Tutorials

Introduction to Logistic Regression

*14:00pm-17:30pm*

Presenter: David Lewis

David D. Lewis is an independent consultant working in the areas of information retrieval, machine learning, and natural language processing. He has worked with startups, large corporations, and governmental organizations on the design, implementation, acquisition, and fielding of systems for manipulating and mining text data. He has helped write research grants receiving more than US $5 million in funding, has published more than forty scientific papers, and holds six patents. He has been a member of committees for the U.S. government MUC and TREC evaluations of language processing technologies. He holds a Ph.D. in Computer Science from the University of Massachusetts at Amherst. His Ph.D. dissertation won the 1992 American Society for Information Science Doctoral Forum Award.

Abstract

This tutorial will present a broad ranging introduction to logistic regression, a flexible, effective approach to supervised learning of classifiers. The emphasis is on diversity of perspectives. Logistic regression has been discovered and rediscovered under a range of names and notations, in a variety of fields. The tutorial will attempt to present the best of the insights from all fields.The tutorial also indirectly serves as an overview of a number of a important concepts in modern machine learning, including loss functions, regularization, model misspecification, optimization algorithms, and the extent to which effectiveness of trained models can be predicted. Issues relevant to information retrieval, such as high dimensionality, sparse data, noise, and their implications will be discussed.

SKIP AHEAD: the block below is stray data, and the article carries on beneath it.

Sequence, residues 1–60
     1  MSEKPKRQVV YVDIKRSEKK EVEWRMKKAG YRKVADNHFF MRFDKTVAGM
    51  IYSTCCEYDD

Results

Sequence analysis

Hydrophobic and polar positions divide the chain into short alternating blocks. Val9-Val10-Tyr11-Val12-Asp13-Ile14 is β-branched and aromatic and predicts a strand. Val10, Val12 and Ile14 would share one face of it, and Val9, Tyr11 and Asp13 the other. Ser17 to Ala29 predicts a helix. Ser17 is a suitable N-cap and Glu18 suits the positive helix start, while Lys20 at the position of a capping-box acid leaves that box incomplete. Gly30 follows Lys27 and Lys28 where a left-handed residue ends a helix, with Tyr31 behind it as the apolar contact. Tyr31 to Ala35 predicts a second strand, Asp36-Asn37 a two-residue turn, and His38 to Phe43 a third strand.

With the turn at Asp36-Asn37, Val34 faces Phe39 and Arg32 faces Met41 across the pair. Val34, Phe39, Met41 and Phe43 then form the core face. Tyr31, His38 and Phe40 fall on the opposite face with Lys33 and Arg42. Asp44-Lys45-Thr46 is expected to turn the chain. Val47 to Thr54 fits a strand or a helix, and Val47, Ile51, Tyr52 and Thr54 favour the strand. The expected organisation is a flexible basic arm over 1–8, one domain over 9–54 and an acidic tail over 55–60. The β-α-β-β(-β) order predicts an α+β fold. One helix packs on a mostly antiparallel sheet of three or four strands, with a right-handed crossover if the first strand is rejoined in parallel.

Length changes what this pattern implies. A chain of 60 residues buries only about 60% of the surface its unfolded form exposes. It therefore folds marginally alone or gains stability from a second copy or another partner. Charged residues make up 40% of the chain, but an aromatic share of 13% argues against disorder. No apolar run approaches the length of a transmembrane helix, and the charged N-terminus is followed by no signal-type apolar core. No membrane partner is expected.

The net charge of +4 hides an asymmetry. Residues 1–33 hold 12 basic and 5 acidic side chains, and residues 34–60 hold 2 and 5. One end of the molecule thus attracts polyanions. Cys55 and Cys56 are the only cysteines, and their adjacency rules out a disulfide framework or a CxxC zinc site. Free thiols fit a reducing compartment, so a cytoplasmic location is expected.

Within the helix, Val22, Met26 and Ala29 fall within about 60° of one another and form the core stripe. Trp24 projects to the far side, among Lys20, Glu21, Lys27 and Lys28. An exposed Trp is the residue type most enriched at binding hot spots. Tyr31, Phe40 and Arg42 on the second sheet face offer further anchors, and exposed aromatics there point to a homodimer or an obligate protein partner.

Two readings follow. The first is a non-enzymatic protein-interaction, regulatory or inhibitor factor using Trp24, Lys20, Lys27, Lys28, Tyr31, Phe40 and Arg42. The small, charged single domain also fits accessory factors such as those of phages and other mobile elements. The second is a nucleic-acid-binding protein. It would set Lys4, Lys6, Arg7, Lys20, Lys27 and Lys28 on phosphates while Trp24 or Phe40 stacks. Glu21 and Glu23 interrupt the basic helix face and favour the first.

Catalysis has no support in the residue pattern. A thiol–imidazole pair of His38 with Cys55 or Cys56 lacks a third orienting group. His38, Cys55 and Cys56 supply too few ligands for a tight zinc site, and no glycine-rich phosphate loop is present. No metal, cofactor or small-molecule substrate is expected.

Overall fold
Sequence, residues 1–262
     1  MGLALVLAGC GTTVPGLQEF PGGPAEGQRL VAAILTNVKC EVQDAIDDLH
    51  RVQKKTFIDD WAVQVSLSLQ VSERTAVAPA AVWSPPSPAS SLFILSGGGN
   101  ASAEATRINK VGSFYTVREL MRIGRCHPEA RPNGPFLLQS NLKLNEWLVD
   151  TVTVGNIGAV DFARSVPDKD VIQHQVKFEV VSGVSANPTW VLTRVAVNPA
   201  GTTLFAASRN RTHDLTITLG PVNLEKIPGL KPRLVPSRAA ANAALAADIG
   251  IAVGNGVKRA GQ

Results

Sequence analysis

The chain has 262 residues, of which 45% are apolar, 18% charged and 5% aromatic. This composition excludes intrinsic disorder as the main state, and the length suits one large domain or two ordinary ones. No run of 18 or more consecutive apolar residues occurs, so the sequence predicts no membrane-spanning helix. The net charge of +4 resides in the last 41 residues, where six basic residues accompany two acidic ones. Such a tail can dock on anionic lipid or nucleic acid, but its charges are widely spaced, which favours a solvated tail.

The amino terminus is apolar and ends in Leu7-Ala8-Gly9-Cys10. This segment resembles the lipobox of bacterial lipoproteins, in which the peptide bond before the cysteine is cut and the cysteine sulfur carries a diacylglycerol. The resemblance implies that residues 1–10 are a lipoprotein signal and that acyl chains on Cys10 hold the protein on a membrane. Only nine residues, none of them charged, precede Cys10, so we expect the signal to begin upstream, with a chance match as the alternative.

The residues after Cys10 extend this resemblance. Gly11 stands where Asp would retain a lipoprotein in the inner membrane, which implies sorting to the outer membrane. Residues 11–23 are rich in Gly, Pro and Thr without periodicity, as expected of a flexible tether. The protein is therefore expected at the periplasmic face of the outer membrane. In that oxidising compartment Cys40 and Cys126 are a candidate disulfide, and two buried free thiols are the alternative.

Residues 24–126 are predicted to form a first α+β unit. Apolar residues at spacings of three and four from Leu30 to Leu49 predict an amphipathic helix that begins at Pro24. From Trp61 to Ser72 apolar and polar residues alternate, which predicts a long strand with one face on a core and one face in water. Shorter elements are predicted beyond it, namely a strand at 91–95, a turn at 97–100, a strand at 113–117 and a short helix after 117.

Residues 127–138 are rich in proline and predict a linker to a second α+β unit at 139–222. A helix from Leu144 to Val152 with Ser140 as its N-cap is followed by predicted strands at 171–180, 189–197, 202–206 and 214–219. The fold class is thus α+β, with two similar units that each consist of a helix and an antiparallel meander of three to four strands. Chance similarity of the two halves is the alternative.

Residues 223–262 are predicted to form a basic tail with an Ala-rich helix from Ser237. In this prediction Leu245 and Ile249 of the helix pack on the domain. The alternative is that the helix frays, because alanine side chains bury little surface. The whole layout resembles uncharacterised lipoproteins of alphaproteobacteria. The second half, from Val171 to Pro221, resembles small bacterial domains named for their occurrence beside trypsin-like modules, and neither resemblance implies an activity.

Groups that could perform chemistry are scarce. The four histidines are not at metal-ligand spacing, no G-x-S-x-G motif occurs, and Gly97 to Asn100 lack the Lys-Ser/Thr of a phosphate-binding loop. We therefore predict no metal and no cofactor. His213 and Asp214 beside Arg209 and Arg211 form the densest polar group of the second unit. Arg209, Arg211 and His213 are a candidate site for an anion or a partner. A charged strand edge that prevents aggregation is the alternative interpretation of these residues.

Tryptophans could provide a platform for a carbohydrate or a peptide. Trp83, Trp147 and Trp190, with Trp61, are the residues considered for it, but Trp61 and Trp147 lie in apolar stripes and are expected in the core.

Where possible the presentation will emphasize qualitative and graphical presentations of information rather than equations. However, some mathematical sophistication and prior exposure to supervised learning is desirable for tutorial attendees. Computational examples using publicly available software and datasets will be presented. SIGIR 2005 will be the first time this tutorial has been presented.

back to Tutorials' page

Copyright 2004, ACM. All rights reserved.